In most cases, there will not be any reeason to consider commercial exploitation of your writings because there is not expected to be any commercial interest in them. But the issue should be discussed with your successor, and with counsel to ensure that all copyrights that exist are respected and preserved.
Our comments here are geared to those users who have more or less casual involvement with a web site. If you have a business that is partially or entirely based on an online presence, then there are more detailed ideas and recommendations that we can discuss with you to ensure that these business interests are protected. The detailed recom- mendations that go into business succession planning are beyond the scope of this short monograph.
Advance planning can allow your chosen successors to take control of your online presence and assets in a calm and orderly fashion. Failure to plan could allow these issues to careen entirely out of control.
The key that provides access to just about every online location is the username and password combination. A person who has this key can gain access and can do anything that the original owner could do.
Our primary recommendation is to (1) record your user names and passwords in a secure manner and (2) make advance arrangements with a trusted person to use them to gain early access to your accounts and deal with them appropriately in the event of your death. We will call this person a surrogate, a word we use carefully to distinguish his informal role from the formal and recognized role of the trustee or the personal representative of the estate.
The choice of surrogate is crucial. It must be someone whom you can trust to carry out your directions when the need arises, but who will not try to gain access until the need does arise. You may decide to record user- names and passwords in writing, but leave the list in the custody of a lawyer who will release it to the designated person only on your death or disability.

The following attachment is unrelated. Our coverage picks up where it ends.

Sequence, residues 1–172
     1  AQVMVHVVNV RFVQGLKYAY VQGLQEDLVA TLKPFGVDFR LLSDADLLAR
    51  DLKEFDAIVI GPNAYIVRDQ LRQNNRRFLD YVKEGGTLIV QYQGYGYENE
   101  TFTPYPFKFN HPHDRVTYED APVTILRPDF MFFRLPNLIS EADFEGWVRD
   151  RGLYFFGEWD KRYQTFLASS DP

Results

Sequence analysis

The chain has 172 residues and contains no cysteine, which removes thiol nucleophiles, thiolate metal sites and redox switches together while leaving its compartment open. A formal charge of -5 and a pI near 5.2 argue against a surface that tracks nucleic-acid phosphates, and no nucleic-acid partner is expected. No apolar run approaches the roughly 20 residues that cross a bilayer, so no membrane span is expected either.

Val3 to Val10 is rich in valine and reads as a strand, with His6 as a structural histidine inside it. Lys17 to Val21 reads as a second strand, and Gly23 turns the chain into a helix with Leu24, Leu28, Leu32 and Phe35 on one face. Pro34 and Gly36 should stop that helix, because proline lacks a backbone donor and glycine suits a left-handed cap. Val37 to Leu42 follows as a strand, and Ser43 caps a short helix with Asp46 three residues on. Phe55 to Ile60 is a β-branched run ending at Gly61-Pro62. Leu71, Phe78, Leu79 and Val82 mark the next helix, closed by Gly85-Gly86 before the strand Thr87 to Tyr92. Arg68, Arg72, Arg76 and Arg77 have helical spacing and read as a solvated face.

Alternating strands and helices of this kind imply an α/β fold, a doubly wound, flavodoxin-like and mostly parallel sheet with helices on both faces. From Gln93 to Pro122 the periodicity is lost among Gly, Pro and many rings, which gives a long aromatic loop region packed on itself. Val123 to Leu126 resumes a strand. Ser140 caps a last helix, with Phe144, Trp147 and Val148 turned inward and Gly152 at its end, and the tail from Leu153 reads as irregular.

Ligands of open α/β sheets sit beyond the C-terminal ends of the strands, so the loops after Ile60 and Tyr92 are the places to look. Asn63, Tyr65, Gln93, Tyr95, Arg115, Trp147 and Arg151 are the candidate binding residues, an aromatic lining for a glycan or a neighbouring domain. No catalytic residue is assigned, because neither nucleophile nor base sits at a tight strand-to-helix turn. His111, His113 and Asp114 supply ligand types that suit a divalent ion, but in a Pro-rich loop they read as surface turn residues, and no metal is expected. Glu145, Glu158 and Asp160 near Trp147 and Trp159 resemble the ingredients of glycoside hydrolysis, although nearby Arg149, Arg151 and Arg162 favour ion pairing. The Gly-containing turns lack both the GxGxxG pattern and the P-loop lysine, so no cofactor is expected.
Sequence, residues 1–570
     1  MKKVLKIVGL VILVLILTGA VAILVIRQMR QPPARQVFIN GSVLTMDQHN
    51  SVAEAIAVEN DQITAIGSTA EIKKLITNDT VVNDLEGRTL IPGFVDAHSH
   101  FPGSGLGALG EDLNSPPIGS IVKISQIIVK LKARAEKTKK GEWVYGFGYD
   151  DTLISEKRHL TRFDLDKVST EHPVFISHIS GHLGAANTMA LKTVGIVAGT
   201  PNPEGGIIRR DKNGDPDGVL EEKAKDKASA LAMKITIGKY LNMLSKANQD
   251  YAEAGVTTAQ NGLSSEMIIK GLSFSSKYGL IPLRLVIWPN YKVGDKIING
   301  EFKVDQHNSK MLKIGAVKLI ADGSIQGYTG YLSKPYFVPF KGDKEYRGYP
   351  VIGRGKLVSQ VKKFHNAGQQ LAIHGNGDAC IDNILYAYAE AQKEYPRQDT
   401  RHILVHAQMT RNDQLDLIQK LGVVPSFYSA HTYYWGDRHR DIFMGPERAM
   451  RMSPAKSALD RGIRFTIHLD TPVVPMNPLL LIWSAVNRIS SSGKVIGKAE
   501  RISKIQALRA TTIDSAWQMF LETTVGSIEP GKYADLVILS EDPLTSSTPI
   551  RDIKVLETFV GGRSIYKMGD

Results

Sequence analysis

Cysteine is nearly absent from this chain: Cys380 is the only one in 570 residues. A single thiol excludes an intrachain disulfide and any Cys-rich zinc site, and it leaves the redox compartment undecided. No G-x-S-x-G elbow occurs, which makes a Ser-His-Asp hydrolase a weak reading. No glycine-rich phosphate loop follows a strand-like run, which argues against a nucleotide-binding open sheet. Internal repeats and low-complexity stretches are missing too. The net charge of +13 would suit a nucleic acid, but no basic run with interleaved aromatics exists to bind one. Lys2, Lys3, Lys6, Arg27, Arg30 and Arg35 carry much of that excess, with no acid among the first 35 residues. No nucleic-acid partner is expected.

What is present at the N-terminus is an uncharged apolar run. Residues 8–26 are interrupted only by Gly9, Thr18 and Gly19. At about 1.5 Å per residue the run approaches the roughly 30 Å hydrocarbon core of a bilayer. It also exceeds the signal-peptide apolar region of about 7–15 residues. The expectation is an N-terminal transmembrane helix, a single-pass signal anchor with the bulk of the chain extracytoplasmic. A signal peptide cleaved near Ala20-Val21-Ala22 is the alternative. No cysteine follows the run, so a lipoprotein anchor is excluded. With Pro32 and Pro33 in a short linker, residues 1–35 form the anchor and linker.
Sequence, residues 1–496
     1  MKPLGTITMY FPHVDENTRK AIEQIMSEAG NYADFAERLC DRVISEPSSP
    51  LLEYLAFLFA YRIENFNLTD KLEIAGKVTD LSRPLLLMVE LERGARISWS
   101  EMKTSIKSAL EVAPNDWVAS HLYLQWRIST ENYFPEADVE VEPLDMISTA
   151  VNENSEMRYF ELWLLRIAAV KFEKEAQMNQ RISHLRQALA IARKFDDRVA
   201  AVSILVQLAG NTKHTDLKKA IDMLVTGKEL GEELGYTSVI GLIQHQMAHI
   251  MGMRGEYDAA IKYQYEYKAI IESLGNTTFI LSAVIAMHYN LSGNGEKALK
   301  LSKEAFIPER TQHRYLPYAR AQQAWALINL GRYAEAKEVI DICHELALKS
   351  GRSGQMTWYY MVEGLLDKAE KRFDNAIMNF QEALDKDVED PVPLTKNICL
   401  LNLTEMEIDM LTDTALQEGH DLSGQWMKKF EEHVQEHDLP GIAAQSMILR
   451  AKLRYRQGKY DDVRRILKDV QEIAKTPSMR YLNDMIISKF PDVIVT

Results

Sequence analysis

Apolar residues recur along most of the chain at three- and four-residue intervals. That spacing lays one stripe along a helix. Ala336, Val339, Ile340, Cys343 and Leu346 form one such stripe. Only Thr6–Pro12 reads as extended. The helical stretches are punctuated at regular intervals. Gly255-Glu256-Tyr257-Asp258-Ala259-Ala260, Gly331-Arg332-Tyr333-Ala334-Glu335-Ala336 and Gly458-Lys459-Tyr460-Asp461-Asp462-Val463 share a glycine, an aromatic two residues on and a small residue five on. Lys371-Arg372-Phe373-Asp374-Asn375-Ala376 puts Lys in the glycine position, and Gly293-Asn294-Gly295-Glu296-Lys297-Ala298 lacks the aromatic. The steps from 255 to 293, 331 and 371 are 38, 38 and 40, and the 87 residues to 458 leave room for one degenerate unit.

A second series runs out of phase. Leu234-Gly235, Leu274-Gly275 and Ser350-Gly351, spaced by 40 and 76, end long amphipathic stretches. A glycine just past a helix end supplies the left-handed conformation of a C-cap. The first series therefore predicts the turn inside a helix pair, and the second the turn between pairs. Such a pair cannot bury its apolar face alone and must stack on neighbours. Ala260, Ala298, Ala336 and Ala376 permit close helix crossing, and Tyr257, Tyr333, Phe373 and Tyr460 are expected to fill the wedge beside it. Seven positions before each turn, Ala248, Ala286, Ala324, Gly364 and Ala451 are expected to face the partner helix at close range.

For most people and in most situations, a spouse or relative is the natural choice to deal with initial access issues. But many people, like the porn collector, will need a different choice. A married man who is carrying on an affair with another woman may not want his wife or child to be the first person to have the access to his e-mail accounts, as another example.
The role of the surrogate is different from that of the personal representative who is appointed by a probate court to manage the decedent’s estate, or the trustee who is selected under his trust agreement. The surrogate is a person who will have early and entirely informal access to the decedent’s accounts before those formal designations are made. It is important for the surrogate to keep in mind that he will be acting without any express legal authority. He will have to be careful to ensure that he can appropriately account for his actions if any question is ever raised about what he has done. In some cases, he will want to consult with the principal’s spouse or family before acting. In some cases, as we will see, he may decide to forego taking any action until a court has formally appointed a personal representative.
The action that the surrogate would take on the death of the owner could include one or more of the following:
1. To gain access to the accounts and, possibly, change the pass- words to prevent access by oth- ers and to protect the accounts pending resolution of any issues;
2. To delete any items that the principal has directed him to de- lete, so long as such action is legal;